No modern biographer can ever have paced himself more carefully than the late Roy Jenkins. Every five years or so there would be a major work - Churchill, Gladstone, even his own underrated autobiography, A Life at the Centre - to be followed within a year or two by some much more slender volume, probably best regarded (to borrow a phrase typical of Jenkins) as a bonne bouche. A good example of the latter was the evocative book of essays entitled Twelve Cities that he published just before his death, and it is in the same miniature school that this study of Franklin Delano Roosevelt also finds its place.
It belongs, in fact, very firmly to the once-over-lightly category of biography and, as such, is as far removed from Conrad Black's recent 1,280-page tome on the same subject as any book could be. But within a compass of a mere 50,000 words Jenkins still manages to give a vivid impression of the figure who was undoubtedly the greatest American president of the 20th century. He also does full justice to the essential part played in his life (he was partly paralysed from 1921 onwards) by the remarkable woman who was both his cousin and his wife. Once the romance had faded (which it did after FDR embarked upon an affair with his wife's social secretary in 1916), Eleanor, who already had four sons and a daughter, may have become more of a helpmeet than a playmate; but her role was still an invaluable one. It is good to see it acknowledged here, as it certainly was not by Conrad Black.
One of Jenkins's idiosyncrasies as a political biographer was always to introduce his own experience of politics into what he wrote. There is a rather quaint example of that habit here. In telling the story of the "Bull Moose" movement - that group of progressives under Theo-dore Roosevelt who broke away from the Republican Party in the presidential election of 1912 - Jenkins writes that "many people of high quality and loose political affiliation were attracted by it". Remind you of anything? As Jenkins confesses, "for the present author it carries an irresistible whiff of the early days of the . . . Social Democratic Party in 1981-82".
But it is self-indulgent quirks such as this that bring the narrative to life - in his more self-mocking moments, Jenkins himself used to call them "lollipops". He was always, however, a perceptive as well as a stylish performer and his judgements here - without being particularly original - are shrewd and sound. He makes no effort to present FDR as any form of paragon. He certainly was never, as Winston Churchill once said of Beaverbrook, "a foul-weather friend". Indeed, Jenkins writes that he was "a hero who had many unpleasant characteristics" - being someone who tended to use people and then cast them aside (hence, perhaps, Eleanor's rather bleak comment after his death: "I was one of those people who served his purposes").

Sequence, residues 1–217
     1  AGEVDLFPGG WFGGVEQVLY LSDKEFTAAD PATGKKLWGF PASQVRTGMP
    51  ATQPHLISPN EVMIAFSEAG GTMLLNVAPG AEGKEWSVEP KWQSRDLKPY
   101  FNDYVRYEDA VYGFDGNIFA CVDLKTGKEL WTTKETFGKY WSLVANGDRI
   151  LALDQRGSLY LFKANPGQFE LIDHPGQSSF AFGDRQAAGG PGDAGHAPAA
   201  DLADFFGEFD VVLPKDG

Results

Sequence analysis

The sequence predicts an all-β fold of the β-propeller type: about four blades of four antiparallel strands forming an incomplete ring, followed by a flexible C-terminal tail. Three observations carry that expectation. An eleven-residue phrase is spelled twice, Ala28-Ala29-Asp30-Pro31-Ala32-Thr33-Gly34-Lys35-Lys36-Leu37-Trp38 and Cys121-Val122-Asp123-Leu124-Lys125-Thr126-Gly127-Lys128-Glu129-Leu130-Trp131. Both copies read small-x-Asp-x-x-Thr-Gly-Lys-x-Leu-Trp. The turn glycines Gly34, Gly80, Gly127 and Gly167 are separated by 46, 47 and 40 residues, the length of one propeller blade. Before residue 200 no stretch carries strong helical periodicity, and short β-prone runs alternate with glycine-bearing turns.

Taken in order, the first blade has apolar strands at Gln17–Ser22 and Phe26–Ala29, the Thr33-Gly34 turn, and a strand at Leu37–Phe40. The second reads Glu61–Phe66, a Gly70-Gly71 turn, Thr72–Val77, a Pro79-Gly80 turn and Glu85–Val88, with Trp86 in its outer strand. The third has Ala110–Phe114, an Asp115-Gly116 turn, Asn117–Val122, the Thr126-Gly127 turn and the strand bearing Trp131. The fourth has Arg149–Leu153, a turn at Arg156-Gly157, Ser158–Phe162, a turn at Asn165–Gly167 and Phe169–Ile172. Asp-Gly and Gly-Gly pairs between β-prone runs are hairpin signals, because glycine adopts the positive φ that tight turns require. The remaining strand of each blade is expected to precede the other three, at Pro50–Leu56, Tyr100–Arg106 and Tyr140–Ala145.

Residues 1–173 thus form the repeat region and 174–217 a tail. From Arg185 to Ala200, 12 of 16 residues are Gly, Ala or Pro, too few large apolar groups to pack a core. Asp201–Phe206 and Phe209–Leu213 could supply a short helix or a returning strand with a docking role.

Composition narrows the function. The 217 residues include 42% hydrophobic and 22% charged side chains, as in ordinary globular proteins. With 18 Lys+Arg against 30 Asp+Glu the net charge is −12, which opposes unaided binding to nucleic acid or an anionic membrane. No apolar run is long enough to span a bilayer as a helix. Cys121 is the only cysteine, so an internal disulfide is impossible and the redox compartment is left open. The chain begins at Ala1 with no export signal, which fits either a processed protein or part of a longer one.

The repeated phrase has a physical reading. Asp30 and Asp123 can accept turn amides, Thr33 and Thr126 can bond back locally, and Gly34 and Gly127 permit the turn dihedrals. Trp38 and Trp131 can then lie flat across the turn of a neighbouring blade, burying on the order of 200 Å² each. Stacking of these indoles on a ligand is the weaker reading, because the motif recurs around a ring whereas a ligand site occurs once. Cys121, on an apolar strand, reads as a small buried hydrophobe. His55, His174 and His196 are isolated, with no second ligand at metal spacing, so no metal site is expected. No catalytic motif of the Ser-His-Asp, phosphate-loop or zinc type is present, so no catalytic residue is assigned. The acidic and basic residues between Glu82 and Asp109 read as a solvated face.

Nevertheless, he usually got the big things right. Above all, he was that rare phenomenon in democracy - a political leader who did not mind being disliked, even detested. During his first term in the White House he may have governed broadly by consensus, but as his economic and constitutional difficulties multiplied, and enemies emerged, he took to glorying in their antagonism and revelling in their animosity. Sometimes he went too far. His 1937 plan to "pack" the Supreme Court smacked of authoritarianism, and anyway was grossly mishandled from the start. (Always fastidious, Jenkins examines and analyses this with all the disdain of a fellow professional.) But the coming of the Second World War enabled FDR to get a second wind for the "New Deal" and though, like Lyndon B Johnson, he told a few fibs along the way ("Your boys are not going to be sent into a foreign war"), he ended up - thanks to a little help from the Japanese at Pearl Harbor - by defeating the isolationists and reconciling virtually all the American people to joining the conflict.
This may not be a biography in any normal sense, but it is a thoroughly impressive personal sketch, seamlessly finished off in its last 17 pages by Richard Neustadt (who also, sadly, died last year). Its effortless grasp of the processes of American politics brings home just how much we shall miss now through being unable to look forward to what Jenkins had intended to be his next magnum opus: a fresh look at the life and career of John F Kennedy. No doubt, there were any number of differences between FDR and his Democratic successor-bar-one. But, at least in the light of what we now know about JFK's health, each could be said to have demonstrated that the White House need not always be the preserve of the hale and the hearty.
Anthony Howard is a former editor of the NS